Poison ivy is poised to be one of the big winners of a warming world

Poison ivy’s earlier appearances, increased growth, and toxicity are reportedly being heightened due to global warming.

Climate change impact: Rising temperatures and increased carbon dioxide are leading to accelerated growth of poison ivy.
* Peter Barron, aka Pesky Pete, has noticed a significant earlier start to the poison ivy season over the past 14 years of his career in poison ivy removal.
* Scientists anticipate that the vine will leverage the warmer conditions and elevated CO2 levels to grow more rapidly, larger, and develop increased toxicity.
* This could potentially impact human health, warning those with outdoor occupations or pastimes to take additional precautions to avoid poisonous rashes.

Documented research: Studies indicate that increased carbon dioxide can enhance poison ivy growth and potency.
* A late-1990s experiment, which explored plant responses to rising atmospheric CO2 levels, showed the vine growing 70% faster under high carbon dioxide conditions.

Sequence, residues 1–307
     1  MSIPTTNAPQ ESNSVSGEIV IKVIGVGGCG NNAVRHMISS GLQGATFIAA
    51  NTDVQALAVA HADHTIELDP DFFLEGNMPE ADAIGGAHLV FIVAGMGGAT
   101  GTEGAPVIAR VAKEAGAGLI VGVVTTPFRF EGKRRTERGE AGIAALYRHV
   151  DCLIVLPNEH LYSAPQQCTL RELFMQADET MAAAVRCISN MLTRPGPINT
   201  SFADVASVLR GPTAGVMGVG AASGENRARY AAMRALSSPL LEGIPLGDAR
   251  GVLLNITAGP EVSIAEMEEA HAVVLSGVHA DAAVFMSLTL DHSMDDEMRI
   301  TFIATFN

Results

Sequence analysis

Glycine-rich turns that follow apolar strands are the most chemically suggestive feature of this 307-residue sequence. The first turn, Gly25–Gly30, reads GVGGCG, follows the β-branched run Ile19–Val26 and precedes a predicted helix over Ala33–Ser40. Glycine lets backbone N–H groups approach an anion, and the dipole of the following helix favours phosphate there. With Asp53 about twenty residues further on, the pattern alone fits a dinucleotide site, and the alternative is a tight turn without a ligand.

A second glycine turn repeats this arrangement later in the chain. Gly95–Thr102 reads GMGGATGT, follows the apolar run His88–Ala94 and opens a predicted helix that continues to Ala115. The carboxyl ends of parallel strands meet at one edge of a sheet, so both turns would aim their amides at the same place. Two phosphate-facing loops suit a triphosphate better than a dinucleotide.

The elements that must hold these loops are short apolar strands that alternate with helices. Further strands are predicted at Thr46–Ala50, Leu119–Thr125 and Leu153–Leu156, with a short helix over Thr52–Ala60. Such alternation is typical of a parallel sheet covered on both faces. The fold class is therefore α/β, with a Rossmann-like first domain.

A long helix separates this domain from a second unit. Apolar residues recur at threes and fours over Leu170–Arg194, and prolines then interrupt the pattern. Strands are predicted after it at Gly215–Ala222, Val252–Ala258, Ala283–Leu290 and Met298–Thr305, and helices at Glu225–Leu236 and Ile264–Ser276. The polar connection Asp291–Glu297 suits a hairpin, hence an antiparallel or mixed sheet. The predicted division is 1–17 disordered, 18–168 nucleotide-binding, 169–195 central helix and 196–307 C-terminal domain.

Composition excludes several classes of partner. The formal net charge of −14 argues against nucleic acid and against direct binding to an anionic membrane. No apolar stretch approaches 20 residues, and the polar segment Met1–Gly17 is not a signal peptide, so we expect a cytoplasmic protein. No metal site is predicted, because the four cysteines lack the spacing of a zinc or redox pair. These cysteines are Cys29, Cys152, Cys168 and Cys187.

* Observations in this study also revealed that the plant produced a more potent form of urushiol – the substance causing skin rashes.
* Another study noted larger leaf growth for the vine when exposed to more carbon dioxide, and an increase in poison ivy growth when the top soil was artificially heated. The heated soil seems to boost a fungus in the soil which aids poison ivy growth.

Projected Implications: Conservationists and doctors suggest an increase in poison ivy prevalence and resultant rashes.
* Some conservationists report seeing more of the vine growing in parks and residential areas, and doctors mention seeing more patients with rashes caused by poison ivy.
* A dermatologist noted that roughly 80% of the population is allergic to the vine, though the severity varies depending on individual immune reactions. Increased exposure could lead to more severe reactions.
* The might also be a part of the reason behind an observed increase in reactions to poison ivy, as people are spending more time outdoors due to pandemic restrictions.

View original article on NPR

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